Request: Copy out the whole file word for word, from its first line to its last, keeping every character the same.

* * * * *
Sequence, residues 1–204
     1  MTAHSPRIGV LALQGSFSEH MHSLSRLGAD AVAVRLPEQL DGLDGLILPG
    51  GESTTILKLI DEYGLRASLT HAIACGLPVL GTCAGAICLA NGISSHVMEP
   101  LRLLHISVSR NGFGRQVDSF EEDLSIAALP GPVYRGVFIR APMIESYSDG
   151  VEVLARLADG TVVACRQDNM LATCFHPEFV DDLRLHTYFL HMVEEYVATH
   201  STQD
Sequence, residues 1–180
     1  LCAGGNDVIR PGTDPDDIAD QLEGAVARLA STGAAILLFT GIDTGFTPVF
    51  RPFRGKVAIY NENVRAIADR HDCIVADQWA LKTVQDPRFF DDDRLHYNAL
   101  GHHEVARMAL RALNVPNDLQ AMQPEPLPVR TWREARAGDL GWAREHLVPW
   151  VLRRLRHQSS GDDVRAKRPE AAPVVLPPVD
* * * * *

Sequence, residues 1–204
     1  MTAHSPRIGV LALQGSFSEH MHSLSRLGAD AVAVRLPEQL DGLDGLILPG
    51  GESTTILKLI DEYGLRASLT HAIACGLPVL GTCAGAICLA NGISSHVMEP
   101  LRLLHISVSR NGFGRQVDSF EEDLSIAALP GPVYRGVFIR APMIESYSDG
   151  VEVLARLADG TVVACRQDNM LATCFHPEFV DDLRLHTYFL HMVEEYVATH
   201  STQD
Sequence, residues 1–180
     1  LCAGGNDVIR PGTDPDDIAD QLEGAVARLA STGAAILLFT GIDTGFTPVF
    51  RPFRGKVAIY NENVRAIADR HDCIVADQWA LKTVQDPRFF DDDRLHYNAL
   101  GHHEVARMAL RALNVPNDLQ AMQPEPLPVR TWREARAGDL GWAREHLVPW
   151  VLRRLRHQSS GDDVRAKRPE AAPVVLPPVD